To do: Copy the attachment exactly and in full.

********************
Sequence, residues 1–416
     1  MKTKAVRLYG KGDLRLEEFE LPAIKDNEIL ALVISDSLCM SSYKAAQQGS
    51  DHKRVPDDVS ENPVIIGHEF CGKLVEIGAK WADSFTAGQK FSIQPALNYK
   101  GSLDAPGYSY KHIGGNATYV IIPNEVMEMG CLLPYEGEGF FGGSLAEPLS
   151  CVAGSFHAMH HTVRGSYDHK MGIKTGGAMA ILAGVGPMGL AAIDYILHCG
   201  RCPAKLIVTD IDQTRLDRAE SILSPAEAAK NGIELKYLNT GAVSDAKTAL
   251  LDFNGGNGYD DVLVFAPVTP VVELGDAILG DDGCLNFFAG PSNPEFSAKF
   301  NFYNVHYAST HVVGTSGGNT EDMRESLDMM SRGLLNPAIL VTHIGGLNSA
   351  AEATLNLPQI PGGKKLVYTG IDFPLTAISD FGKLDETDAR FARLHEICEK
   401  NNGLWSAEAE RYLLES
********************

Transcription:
Sequence, residues 1–416
     1  MKTKAVRLYG KGDLRLEEFE LPAIKDNEIL ALVISDSLCM SSYKAAQQGS
    51  DHKRVPDDVS ENPVIIGHEF CGKLVEIGAK WADSFTAGQK FSIQPALNYK
   101  GSLDAPGYSY KHIGGNATYV IIPNEVMEMG CLLPYEGEGF FGGSLAEPLS
   151  CVAGSFHAMH HTVRGSYDHK MGIKTGGAMA ILAGVGPMGL AAIDYILHCG
   201  RCPAKLIVTD IDQTRLDRAE SILSPAEAAK NGIELKYLNT GAVSDAKTAL
   251  LDFNGGNGYD DVLVFAPVTP VVELGDAILG DDGCLNFFAG PSNPEFSAKF
   301  NFYNVHYAST HVVGTSGGNT EDMRESLDMM SRGLLNPAIL VTHIGGLNSA
   351  AEATLNLPQI PGGKKLVYTG IDFPLTAISD FGKLDETDAR FARLHEICEK
   401  NNGLWSAEAE RYLLES